Evaluation takes the design team back full circle. It’s by no means the end of the design process. A combination of formative evaluation (performance tasks, quizzes, or surveys given throughout a learning unit or activity) and summative evaluation (follow up performance assessments or surveys given to evaluate the compound effect of a series of blended learning activities) is required. Consequently, evaluation generally needs to be conducted over a designated period (i.e. quarterly or semi-annually) to provide useful feedback – particularly if the goal is performance enhancement.

The instructional design team will need to take into consideration: feedback from the learners, feedback from those who evaluate the learners’ performance, and reports that quantify the impact of performance on the business’s bottom line. In turn, the feedback needs to be integrated into the design. For example, perhaps in hind sight, now we see that despite our initial analysis, our evaluation results indicate several learning exercises treated the symptoms of the problem, but not the source. If an exercise or an activity results in no significant change in behaviors or performance, it’s back to the drawing board, and the design process continues…

Pleasant Surprise

Recently, we started exploring ways to use our learning management system to facilitate greater collaboration, particularly asynchronous communication. Today I was pleasantly surprised to see that a faculty member had opened a discussion post that inspired feedback from other members. With faculty being so over committed, being open to virtual discussion and collaboration will create so many more opportunities for interaction. It’s only the tip of the iceberg, but imagining the potential is very exciting!!

Modeling as an Instructional Strategy

As my organization transitions to a new learning management system (Desire2Learn), I keep trying to figure out ways to help acclimate the faculty I support to the new platform. The more I can model the functionality of various features in the section designated for discipline resources, the more opportunities the faculty will have to experience the added value, rather than be “sold” on the added value.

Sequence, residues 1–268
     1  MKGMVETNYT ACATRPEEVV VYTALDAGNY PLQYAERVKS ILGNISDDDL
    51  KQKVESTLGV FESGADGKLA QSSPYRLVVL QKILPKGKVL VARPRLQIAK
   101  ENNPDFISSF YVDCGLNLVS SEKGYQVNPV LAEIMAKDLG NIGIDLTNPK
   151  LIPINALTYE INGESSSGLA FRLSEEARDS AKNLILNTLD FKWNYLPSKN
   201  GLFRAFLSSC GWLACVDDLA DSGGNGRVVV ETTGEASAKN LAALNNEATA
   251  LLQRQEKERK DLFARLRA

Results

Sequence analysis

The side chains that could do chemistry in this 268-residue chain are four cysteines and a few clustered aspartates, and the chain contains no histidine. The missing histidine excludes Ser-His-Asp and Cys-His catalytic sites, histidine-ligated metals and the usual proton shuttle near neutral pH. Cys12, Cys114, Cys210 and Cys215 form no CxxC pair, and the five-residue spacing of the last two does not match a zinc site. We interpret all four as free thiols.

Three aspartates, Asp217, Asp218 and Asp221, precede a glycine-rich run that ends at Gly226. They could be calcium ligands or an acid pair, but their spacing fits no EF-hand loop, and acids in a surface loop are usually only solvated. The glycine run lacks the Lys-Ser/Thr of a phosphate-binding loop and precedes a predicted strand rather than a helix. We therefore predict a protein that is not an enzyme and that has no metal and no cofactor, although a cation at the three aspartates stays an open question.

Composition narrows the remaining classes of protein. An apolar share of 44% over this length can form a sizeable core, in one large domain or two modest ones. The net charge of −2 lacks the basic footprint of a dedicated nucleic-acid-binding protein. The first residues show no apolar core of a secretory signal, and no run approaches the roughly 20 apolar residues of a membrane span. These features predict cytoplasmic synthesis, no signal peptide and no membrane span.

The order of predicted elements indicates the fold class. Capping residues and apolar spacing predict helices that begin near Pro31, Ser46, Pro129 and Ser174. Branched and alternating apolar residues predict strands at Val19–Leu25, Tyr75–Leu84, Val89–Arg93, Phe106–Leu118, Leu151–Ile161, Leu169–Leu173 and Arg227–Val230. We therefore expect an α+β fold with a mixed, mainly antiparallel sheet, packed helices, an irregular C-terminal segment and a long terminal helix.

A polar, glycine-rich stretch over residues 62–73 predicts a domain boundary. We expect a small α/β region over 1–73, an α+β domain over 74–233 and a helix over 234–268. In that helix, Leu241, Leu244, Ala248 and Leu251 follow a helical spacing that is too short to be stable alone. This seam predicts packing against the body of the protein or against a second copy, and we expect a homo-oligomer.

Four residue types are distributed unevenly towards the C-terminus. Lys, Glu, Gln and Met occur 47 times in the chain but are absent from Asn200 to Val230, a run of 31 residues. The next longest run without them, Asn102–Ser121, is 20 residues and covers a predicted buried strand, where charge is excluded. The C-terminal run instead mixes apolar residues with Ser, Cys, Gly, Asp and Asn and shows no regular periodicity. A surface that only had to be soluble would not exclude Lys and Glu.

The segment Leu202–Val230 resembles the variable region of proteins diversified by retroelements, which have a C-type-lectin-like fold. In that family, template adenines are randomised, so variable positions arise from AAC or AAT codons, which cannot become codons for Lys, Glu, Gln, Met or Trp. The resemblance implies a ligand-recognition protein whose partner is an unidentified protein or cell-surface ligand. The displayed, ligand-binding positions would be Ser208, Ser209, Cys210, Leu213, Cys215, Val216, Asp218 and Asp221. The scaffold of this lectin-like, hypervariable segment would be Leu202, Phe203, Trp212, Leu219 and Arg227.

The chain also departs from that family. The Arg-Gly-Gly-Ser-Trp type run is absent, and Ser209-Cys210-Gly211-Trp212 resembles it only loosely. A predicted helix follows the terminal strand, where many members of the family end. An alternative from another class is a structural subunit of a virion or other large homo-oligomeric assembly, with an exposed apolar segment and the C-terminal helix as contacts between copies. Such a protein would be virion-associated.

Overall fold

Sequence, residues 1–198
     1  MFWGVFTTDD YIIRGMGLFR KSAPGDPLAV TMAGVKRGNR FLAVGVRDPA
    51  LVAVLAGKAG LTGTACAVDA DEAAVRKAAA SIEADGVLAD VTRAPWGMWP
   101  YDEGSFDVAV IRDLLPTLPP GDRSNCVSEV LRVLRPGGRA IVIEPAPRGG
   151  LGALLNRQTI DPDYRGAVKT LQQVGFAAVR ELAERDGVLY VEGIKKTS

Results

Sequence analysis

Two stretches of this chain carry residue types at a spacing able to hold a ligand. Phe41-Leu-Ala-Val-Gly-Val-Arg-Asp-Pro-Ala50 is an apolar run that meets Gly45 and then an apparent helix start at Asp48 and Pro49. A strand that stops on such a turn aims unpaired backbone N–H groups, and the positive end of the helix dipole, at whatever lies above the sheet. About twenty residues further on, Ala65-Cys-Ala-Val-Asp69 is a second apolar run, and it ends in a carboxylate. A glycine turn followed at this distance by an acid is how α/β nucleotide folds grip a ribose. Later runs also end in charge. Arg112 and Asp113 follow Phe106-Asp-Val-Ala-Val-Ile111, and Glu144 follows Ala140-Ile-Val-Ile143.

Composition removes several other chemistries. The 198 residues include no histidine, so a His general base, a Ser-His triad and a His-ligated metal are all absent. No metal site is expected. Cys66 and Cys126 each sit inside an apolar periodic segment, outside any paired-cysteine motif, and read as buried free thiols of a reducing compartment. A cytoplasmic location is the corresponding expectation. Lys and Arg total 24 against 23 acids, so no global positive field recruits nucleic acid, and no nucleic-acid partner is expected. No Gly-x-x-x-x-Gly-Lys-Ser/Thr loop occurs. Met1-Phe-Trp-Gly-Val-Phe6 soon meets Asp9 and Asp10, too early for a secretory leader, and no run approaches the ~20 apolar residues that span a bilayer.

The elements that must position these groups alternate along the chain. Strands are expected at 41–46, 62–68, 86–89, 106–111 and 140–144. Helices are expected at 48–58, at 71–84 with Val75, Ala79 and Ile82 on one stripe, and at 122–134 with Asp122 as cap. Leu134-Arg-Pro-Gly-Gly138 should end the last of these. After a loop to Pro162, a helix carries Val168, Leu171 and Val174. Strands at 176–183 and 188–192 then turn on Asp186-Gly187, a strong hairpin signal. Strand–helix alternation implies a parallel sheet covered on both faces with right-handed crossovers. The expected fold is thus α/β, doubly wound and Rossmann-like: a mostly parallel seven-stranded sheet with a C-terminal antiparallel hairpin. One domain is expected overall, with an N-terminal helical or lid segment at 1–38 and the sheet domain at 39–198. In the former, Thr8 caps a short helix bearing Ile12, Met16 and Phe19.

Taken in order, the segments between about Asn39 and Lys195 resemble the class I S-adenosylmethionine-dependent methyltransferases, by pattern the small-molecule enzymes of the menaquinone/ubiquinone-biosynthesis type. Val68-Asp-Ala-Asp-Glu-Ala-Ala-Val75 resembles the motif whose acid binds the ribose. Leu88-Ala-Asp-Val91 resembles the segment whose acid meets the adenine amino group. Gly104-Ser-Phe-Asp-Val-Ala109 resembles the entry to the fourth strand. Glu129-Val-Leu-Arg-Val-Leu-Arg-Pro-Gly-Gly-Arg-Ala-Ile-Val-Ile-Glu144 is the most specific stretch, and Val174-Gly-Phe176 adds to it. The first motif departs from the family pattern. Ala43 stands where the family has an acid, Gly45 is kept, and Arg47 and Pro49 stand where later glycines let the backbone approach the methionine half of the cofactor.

Staff Development Workshop Update 3/19 – 3/24

Working on an online version of a face to face course can really help with fine tuning the details of both! I find myself getting realizations about the clarity of my explanations and expectations all the time. In other words, I don’t think my planning for the face to face workshop would be as well thought out without the things I’ve discovered when trying to make my expectations clear in my online copy. At this point, I’m thinking about some requirement of the practicum just about all the time that I am not working. I go to sleep with ideas in my head and I wake up with ideas! It’s hard to say exactly how much time I’m investing but at least 1-1/2 hours each day goes to some aspect of workshop development. I just keep telling myself: it will all be over in May!

 

 

Faculty Development Workshop Update (3/5 – 3/19)

At this point, I am working on the resources for my online instruction: creating screencasts and presentations. Recordings are generally a challenge for me because I tend to have issues maintaining consistent voice tone throughout an entire presentation. I am in the process now of “tweaking” my scripts which means I repeat them over and over trying to effectively communicate the message using as few words & images as possible. I spend an hour or more daily working on some aspect of this workshop and I still feel like there is so much left for me to do!

Faculty Development Workshop Update (2/27-3/4)

Still “tweaking” my lesson plans. I started working on the online instructional tutorial component of my practicum. It has really helped me to narrow my focus and clarify objectives. When you are posting instructions online, you tend to want to be as concise as possible. Going through the process of translating my “face to face” workshop plans to my online tutorial is helping me because I have to choose my words carefully and be very clear about what I expect from students. Not a day goes by that I don’t spend at least an hour reviewing my plans. One of my challenges is to reduce the time committment for the faculty so practically speaking being able to link to online resources will provide additional instruction even for the “face to face” workshop participants.

Technology Specialist – weekly status update

At this point, I am spending approximately 2 hours a day (non-consecutive time)  crystallizing my thoughts on the staff development workshop and documenting my instructional plan. Like a puzzle, it is all coming together. Preparing instructional strategies directed toward the adult learner has been somewhat challenging because my previous practical experience involved developing lesson plans for middle school students.